Charlie Neidel makes his living in the wake of champions.
When the competition boils down to the greatest of the great, when the attention of the sports world focuses on the Big Event, you're apt to findNeidel nearby.
He's in Ferndale these days, scratching out an income in the glowof the Washington Redskins' march to the Super Bowl. By the time theRedskins meet the Buffalo Bills in Minneapolis on Sunday, Neidel will have sold hundreds of souvenir T-shirts, sweat shirts, sweat pants,hats, shot glasses, mugs and beer steins at his stand on Ritchie Highway and Furnace Branch Road. Then, he'll move on.
This week, camped along the Ritchie Highway bazaar of fast-food restaurants, stores,service stations and doughnut shops are several of Neidel's itinerant brethren in the souvenir trade. They travel America for months at atime peddling wares while they're hot.
Neidel was working under ared-and-white tent in the parking lot of an Avis Lube outlet. He said the location reminds him of his home neighborhood outside Cleveland, the home he hasn't seen in six months.
In nearly three years on the road, Neidel has worked in Minnesota for the World Series and theStanley Cup. He hawked paraphernalia in Cincinnati during the 1990 World Series. He traveled to Buffalo for the 1991 Super Bowl and to Chicago last year where the Bulls faced the Los Angeles Lakers in the National Basketball Association championships. During baseball's National League Championship Series last year, Neidel pulled up stakes in Pittsburgh and hit the road at 2:30 in the morning to make Atlanta later that day.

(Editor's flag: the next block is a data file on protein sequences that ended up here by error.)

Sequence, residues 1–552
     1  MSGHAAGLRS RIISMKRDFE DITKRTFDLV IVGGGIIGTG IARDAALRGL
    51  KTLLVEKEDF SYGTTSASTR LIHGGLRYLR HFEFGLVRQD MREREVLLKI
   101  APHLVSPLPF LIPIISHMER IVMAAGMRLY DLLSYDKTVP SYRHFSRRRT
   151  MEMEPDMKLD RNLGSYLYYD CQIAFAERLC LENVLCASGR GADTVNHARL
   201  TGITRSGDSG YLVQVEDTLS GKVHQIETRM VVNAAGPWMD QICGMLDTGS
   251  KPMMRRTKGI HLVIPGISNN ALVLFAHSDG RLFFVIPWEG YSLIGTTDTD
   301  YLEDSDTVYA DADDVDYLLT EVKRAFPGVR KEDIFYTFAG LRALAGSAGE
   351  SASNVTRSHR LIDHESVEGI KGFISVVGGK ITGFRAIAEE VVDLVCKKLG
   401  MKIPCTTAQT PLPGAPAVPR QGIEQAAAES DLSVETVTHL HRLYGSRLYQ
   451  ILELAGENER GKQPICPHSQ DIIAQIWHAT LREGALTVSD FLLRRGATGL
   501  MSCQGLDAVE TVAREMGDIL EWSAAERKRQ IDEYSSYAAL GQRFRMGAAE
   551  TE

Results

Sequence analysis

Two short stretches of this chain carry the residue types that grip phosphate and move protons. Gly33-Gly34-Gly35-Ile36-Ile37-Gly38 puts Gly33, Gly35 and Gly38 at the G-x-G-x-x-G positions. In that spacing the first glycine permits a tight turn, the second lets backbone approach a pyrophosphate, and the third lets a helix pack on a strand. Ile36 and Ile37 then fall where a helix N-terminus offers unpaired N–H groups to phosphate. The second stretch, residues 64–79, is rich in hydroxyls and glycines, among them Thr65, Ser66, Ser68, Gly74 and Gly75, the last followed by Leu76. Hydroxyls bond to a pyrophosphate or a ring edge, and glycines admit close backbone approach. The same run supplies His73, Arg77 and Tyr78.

"I do a lot of driving," said Neidel, adding that he's been averaging about 200,000 miles a year. "I'm still young enough, I can still get away with it."
He's 22 years old, about the combined age of the two vans he and his three traveling companions use, along with an old Chevy Chevette. He said the engines in the two vans are changed about every year.
Neidel took to the road after leaving a job at a Ford dealership in Cleveland. He sold cars for about sixmonths before the confines of a regular job pushed him toward the highway.
"I didn't like it, too much stress," Neidel said. "I just have a problem with authority figures."
On this job, the boss is far away, a supplier in Cleveland. Through him, the four traveling salesmen order their merchandise shipped to the nearest airport. They load up the Chevette and their two vans, find their location and open upshop.
While his companions set up in Montgomery County, Neidel has been on Ritchie Highway since Dec. 7, catching the wave of Redskinsfever as the team won the Eastern Division, then the National Football Conference championship.
Neidel said his mother is working the other end of the Super Bowl, peddling souvenirs on the sub-zero streets of Buffalo.
"I'm quite grateful to be where I am," Neidel said.
Farther south on Ritchie Highway, Rich Meshell has been selling Redskins merchandise since last Friday, having staked out a spot on a grassy strip next to a Hardee's in Glen Burnie. He works for a St. Louis-based company that has four stands along Ritchie Highway.
"It's pretty fun," said Meshell, an 18-year-old resident of St. Louis. "You meet a lot of people."
Like Neidel, Meshell said he also workedthe World Series and the NBA finals in Chicago last year. He does the carnival circuit as well, selling souvenirs and running games. He figures he'll stay on the road for about a year, until he starts college.
From here in Glen Burnie, Meshell said he believed the next stop was a circus in Kentucky, where he'll switch from the hype of Super Bowl XXVI to plastic swords and glow lights. Whatever the traffic will bear.